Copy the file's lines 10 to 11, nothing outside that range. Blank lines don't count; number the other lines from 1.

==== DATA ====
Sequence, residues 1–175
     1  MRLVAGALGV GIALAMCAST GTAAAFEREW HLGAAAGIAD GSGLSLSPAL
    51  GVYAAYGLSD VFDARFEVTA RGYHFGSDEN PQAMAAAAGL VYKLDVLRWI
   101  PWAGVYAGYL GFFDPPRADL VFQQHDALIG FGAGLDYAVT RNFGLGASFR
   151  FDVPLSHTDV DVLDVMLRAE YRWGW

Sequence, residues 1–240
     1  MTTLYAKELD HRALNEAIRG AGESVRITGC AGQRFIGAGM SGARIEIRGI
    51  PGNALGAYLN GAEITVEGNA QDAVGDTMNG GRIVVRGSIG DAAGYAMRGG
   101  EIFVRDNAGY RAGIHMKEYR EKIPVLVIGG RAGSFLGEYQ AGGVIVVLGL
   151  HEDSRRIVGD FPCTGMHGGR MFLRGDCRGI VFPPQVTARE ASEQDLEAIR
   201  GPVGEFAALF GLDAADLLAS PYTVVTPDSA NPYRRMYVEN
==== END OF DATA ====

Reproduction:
   151  HEDSRRIVGD FPCTGMHGGR MFLRGDCRGI VFPPQVTARE ASEQDLEAIR
   201  GPVGEFAALF GLDAADLLAS PYTVVTPDSA NPYRRMYVEN